Inspiration from other artists

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Reflection

This journey was very special to me. For the first time in my life I tried to do something without asking my parents permission. They’ve obviously heard about the project and they found some topics upsetting, but I decided to listen to my heart and try to highlight on people who really need help. I also hope my project can be an eye-opening and people in this region will finally realize what are their rights. I learnt from this project that people here are actually well educated and they want to make a change in the world but fear stops them and they became desperate. I hope I can create a very touching documentary that can aware people about what is really going on in the Arab world. I really feel proud and encouraged while working in this project because I know I’m breaking a border set borders set by politicians. Even after graduation, I want to always highlight on the people who are left in the shadows and I want their voices to be heard. I never want to stop helping and inspiring others to speak up and fight for their rights.

Investigation

I interviewed different people from different backgrounds.

Our neighbour, our housemaid, my father, my sister, my friends, my aunt, my mother’s friend, a Syrian refuge, a 10 years old child.

my aim was to collect as much information as possible and to explore all points of views.

The struggle I found was finding someone who is brave enough to critisize Qatar, the other people were to scared about critisizing their governments and decided not to say everything.

references:

politics:

http://www.alanarnette.com/viewpoints/politics.php

https://www.huffingtonpost.com/erin-levin/politics-is-a-good-thing_b_1366646.html

https://www.businesstoday.in/opinion/prosaic-view/insolvency-ordinance-ibc-good-politics-bad-economics/story/265009.html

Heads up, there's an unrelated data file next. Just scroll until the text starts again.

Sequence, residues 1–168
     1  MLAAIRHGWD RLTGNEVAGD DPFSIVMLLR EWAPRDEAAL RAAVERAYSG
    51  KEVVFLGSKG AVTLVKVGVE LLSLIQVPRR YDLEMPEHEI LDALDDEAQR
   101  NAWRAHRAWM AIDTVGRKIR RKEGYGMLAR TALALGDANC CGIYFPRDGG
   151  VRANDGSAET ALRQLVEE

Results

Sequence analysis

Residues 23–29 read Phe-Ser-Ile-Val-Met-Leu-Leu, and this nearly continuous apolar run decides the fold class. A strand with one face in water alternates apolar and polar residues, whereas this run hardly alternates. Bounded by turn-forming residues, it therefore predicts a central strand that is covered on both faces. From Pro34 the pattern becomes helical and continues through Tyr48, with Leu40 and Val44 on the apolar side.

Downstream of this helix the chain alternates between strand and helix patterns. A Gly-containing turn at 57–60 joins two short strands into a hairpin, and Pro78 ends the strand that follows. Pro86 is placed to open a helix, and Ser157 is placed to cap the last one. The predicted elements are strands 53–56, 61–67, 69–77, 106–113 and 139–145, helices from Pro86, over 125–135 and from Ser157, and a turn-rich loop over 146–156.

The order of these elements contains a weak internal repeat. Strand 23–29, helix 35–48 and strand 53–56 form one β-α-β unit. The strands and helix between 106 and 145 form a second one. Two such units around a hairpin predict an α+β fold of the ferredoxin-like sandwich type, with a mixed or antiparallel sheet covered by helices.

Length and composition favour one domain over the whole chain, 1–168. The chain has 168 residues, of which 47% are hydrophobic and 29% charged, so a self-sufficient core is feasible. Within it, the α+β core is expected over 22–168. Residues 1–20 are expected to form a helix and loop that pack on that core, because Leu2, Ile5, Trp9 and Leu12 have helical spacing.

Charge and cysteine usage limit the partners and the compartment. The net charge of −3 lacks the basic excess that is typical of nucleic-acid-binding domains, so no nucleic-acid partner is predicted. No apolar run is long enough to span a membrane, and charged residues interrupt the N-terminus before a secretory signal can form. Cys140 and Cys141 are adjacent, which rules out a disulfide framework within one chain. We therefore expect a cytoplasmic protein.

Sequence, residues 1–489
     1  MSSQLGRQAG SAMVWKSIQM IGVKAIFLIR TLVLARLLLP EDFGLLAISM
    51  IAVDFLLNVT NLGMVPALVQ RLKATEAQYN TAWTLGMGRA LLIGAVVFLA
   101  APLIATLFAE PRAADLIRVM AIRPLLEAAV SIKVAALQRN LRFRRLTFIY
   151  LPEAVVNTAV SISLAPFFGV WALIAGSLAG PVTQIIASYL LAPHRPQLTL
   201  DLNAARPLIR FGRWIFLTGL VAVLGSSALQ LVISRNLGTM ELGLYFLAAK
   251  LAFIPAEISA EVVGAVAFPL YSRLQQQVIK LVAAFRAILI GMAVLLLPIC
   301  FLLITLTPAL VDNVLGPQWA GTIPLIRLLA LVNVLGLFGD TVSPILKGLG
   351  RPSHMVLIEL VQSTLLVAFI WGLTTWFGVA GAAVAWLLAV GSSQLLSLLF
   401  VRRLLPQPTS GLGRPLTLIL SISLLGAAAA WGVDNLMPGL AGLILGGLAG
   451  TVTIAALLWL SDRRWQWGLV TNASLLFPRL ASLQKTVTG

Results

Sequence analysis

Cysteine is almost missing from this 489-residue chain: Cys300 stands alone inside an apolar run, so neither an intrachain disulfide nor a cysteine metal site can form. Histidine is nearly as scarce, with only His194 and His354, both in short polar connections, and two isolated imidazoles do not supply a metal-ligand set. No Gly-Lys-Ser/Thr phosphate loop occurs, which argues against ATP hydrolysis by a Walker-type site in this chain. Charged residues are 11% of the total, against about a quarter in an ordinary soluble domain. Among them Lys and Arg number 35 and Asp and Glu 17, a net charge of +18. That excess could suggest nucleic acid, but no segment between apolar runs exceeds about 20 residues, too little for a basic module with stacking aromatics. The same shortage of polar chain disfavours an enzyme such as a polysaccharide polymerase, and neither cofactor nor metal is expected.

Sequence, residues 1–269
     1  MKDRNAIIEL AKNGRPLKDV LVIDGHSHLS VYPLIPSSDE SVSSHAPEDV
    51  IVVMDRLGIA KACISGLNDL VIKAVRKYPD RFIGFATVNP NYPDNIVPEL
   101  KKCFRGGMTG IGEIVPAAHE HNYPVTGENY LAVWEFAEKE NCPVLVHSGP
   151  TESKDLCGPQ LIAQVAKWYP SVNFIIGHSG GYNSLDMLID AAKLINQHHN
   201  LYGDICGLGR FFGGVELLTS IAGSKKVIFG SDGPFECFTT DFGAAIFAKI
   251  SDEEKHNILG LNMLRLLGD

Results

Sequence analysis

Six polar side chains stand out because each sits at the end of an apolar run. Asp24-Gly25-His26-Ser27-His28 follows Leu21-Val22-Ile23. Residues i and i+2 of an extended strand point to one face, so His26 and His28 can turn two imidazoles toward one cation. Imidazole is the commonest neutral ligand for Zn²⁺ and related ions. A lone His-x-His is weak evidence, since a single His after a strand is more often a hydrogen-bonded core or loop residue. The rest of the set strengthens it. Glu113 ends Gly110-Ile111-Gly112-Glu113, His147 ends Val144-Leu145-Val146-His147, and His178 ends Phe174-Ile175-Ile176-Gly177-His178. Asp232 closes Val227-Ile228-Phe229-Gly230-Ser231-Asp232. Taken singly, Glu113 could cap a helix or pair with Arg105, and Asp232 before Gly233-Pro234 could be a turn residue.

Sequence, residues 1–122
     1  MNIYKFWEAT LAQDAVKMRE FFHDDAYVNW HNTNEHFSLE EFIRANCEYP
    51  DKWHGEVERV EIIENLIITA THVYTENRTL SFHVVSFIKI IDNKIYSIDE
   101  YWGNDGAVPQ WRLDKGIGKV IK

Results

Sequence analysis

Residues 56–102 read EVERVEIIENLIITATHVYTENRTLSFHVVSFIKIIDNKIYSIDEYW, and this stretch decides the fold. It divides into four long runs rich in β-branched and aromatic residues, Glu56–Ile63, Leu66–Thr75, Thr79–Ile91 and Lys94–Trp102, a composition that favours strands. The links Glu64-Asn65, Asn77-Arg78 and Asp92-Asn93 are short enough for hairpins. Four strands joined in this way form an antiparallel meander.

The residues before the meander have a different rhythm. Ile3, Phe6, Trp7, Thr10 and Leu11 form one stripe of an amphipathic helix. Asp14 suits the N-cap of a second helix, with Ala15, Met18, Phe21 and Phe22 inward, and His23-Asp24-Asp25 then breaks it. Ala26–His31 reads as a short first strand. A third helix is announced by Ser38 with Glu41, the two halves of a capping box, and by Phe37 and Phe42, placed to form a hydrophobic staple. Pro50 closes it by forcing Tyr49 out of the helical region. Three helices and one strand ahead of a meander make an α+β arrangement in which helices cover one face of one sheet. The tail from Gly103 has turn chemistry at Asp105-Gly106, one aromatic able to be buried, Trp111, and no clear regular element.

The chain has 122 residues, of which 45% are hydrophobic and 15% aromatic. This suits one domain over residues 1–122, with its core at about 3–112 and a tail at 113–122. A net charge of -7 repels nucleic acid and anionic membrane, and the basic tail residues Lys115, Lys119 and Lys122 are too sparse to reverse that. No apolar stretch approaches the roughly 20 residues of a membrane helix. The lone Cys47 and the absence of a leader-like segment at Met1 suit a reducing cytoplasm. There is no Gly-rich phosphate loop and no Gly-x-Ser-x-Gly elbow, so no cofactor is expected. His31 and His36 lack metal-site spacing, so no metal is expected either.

https://www.morganstanley.com/im/en-us/institutional-investor/insights/investment-insights/bad-politics-good-economies.html

https://edition.cnn.com/2013/08/27/world/meast/syria-civil-war-fast-facts/index.html

 

Syrian war:

http://www.bbc.com/news/world-middle-east-35806229

http://www.bbc.com/news/world-middle-east-26116868

https://www.aljazeera.com/news/2016/05/syria-civil-war-explained-160505084119966.html

Qatar blockade:

https://www.aljazeera.com/news/2017/10/qatar-crisis-developments-october-21-171022153053754.html

documentary: Beyond the blockade

https://www.aljazeera.com/programmes/specialseries/2018/02/qatar-blockade-180212075226584.html

Documentaries:

https://www.desktop-documentaries.com/making-documentaries.html

https://www.raindance.org/5-simple-mistakes-documentary-filmmakers-make/

https://www.lynda.com/Final-Cut-Pro-tutorials/Understanding-what-makes-good-documentary/107063/113755-4.html

http://www.pbs.org/pov/behindthelens/lesson-plan-4/

How to make a good documentary

https://www.filmmakingstuff.com/12-tips-how-to-make-a-documentary/

 

Vocabulary

If you don’t read the newspaper you are uninformed, if you do read the newspaper you are misinformed. — Mark Twain

Politics: power, focused, leadership, servants, rules, laws, system, decision-making, obligation, war, theft, horror, torture, killings, blood, execution, oppression, injustice, cruelty, rot, immorality, decay، extermination, destruction, consuming, orphans, widows, injury, mental illness, terror, fear, worry, threat, wealth , sassy, bossy, glamorous, danger.

I view politics in a different perspective. I believe politics makes us dumb, they argue, crippling our ability to think critically about the choices before us. And politics makes us mean and it makes us hate each other. For example the blockade, Qataries lost all the love and respect they carried for their neighbours in the 3 GCC countries. The tweets in Twitter are a good example of how politics ruined the relationship between their citizens and citizens of other countries.

The use of social media in politics including Twitter, Facebook and YouTube has dramatically changed the way people express their feelings towards politicians: MORE FREEDOM!

Most people are expressing hatred and anger towards their leaders so openly.

These are the vocabulary they used: Pure hate and disrespect.

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the question here is why.

Why do they hate their leader? what makes a good leader to them? why? who?

I’m sure if I asked this question to Arab people, I will hear more anger from them. This is something I’m planning to explore in my next project, unfold their emotion, free their feelings.

Questions

What makes a good politician?

Why are most politicians corrupt?

What do the citizens really think about their leaders?

What scared them from expressing their feelings?

Do they have the right to criticize their leaders? how? why? what is the religious point of view?

Artists with similar interests

First I had to research more about documentaries, what makes a good film?

What makes a good documentary film? I discovered that the essential element of a good documentary is simply, the story. The audience must have an intellectual and emotional tie to the film. The audience must have a “pull” to get to the end of the film, not an excuse to get away from it.